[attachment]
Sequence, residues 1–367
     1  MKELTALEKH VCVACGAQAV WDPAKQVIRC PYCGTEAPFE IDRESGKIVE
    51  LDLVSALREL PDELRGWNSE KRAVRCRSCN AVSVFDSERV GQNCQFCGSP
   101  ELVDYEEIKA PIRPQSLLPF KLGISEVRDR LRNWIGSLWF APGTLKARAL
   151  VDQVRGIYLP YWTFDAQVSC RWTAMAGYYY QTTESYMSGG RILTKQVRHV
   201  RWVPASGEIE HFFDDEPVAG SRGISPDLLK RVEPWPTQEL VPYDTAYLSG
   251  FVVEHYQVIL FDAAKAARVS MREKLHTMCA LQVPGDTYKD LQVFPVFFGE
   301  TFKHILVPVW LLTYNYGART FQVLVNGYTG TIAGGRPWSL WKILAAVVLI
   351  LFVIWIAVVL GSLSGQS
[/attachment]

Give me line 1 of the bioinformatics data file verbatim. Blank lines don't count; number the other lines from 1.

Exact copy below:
Sequence, residues 1–367